The Students Loan Trust Fund (SLTF) has declared its readiness to cater for teacher trainees who will access its loans beginning from the 2013-2014 academic year.
Already, the fund is catering for over 20,000 students, made up of continuing students in public and private tertiary institutions and the polytechnics.
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The Head of Operations of the SLTF, Mr Kofi Abbew Nkrumah, who made this known to the Daily Graphic yesterday, said the trust fund began putting its house in order following the directive from the government that students in the colleges of education should benefit from its loans.
Accordingly, he said, the SLTF, on August 7, 2013, met with the rectors of the colleges of education, at which it introduced its modalities and how the trainees could join the scheme.
“Our understanding is that the new beneficiaries will be students entering the colleges of education in the 2013-2014 academic year, not continuing students, so we are prepared,” he said, adding, however, that “the most important thing is to get the funding from the government to be able to disburse to the students”.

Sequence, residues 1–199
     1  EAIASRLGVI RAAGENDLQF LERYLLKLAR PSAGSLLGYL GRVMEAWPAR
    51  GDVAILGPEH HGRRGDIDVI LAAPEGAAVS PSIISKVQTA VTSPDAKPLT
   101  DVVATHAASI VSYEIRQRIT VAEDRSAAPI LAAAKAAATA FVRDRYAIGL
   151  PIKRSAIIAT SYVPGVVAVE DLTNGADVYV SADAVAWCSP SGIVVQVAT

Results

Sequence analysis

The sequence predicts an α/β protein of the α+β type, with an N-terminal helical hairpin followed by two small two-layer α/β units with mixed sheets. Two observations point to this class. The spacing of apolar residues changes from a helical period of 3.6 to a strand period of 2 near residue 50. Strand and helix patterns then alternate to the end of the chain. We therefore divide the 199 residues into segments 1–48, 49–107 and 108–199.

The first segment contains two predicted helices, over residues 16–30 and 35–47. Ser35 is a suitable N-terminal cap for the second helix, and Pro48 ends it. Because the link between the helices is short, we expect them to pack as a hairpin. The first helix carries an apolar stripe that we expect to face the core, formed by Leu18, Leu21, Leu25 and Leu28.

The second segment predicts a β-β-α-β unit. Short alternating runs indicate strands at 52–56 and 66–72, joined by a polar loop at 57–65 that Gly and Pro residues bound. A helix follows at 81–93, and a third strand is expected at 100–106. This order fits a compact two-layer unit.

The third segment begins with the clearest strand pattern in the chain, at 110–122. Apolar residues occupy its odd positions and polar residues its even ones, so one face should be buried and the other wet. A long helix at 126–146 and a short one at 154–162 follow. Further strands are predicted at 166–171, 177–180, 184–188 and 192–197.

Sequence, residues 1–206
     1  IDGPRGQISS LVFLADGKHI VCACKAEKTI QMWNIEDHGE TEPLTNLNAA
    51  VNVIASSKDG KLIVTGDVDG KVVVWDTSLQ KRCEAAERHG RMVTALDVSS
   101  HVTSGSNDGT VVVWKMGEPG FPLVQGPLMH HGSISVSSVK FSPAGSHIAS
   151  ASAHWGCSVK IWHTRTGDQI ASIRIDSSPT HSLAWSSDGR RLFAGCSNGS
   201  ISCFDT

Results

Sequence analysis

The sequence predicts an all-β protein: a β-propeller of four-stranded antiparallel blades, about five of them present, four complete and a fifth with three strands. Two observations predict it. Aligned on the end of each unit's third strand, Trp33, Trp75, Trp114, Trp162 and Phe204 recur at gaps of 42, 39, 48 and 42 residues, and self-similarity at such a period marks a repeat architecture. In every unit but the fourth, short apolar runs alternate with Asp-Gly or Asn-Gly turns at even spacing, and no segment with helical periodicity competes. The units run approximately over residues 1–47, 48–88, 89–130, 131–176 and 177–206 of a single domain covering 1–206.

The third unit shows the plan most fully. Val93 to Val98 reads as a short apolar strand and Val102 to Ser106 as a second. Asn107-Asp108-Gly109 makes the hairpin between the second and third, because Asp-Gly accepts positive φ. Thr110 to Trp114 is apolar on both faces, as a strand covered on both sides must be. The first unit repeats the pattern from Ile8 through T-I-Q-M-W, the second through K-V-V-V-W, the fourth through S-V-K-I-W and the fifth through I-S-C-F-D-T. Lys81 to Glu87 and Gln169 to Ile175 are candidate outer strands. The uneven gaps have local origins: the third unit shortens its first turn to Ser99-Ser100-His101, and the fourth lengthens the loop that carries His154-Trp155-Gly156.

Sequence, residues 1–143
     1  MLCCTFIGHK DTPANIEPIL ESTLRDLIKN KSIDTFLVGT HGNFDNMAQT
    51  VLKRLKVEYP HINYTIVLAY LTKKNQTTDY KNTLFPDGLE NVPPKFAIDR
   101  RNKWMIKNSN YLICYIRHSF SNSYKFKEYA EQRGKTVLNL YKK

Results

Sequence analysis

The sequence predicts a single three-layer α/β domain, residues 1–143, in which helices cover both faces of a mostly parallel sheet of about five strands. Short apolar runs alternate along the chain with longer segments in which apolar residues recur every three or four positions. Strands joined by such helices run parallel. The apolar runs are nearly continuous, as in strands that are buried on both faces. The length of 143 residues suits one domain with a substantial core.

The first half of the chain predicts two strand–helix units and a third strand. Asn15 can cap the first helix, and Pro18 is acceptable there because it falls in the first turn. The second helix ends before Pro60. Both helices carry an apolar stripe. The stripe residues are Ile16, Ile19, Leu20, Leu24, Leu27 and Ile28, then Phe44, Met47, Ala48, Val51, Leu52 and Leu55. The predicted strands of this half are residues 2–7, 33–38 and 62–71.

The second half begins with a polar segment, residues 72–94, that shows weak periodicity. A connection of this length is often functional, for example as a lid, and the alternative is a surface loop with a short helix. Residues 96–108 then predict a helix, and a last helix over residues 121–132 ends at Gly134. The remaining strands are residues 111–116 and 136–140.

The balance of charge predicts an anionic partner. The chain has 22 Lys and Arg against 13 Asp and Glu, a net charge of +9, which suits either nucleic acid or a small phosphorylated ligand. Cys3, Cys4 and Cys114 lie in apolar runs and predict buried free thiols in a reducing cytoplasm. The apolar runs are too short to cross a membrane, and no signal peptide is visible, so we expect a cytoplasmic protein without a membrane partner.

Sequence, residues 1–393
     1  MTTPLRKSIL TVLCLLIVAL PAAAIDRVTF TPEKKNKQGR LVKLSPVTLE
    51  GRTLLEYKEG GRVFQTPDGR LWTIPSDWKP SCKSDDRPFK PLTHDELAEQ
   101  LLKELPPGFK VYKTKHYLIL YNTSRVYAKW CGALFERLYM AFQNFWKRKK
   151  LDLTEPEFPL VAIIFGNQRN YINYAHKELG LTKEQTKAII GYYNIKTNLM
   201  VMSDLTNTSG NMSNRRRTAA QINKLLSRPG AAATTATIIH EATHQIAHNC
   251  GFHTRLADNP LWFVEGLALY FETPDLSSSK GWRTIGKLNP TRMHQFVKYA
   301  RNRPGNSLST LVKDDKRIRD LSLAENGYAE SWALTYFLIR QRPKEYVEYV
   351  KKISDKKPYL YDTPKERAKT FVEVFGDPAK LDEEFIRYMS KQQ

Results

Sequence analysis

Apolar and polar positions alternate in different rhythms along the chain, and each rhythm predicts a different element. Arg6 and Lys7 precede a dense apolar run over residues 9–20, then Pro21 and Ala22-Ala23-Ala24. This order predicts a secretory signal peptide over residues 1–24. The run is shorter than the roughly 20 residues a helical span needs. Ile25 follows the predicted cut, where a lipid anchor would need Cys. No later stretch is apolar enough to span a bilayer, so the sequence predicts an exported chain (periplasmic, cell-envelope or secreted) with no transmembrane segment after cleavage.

In August, the Ministry of Education decided to scrap the payment of allowances to teacher trainees but teacher unions have expressed their reservations about the policy.
The unions believe that the decision would, among other things, demotivate people from entering the teaching profession.
However, the Minister of Education, Professor Naana Jane Opoku-Agyeman, explained that the government’s decision to scrap allowances for trainees in the colleges of education was to ensure equity and fairness in the educational system.
Mr Nkrumah said the fund was going to meet the Ghana Interbank Payment and Settlement System (GhIPPS) on how best it could get e-zwich facilities for students in the towns where the 38 colleges of education were located, explaining that the SLTF paid students through the e-zwich system through the banks.
E-zwich is the brand name for the national switch and smart card payment system. It is a method for improving accessibility to banking and retail services in the country.
Mr Nkrumah explained that the mandate of the fund was to provide loans for tertiary students, and that once students from particular institutions had been directed to access loans from the trust, the entity was under obligation to cater for them.
Asked if the SLTF could also accommodate nurse trainees if they were brought on board, he said once the government decided to scrap the payment of allowances to them, the fund should be able to absorb them, provided funding was available.
On the repayment of loans collected so far, he said repayment was very flexible and going on well.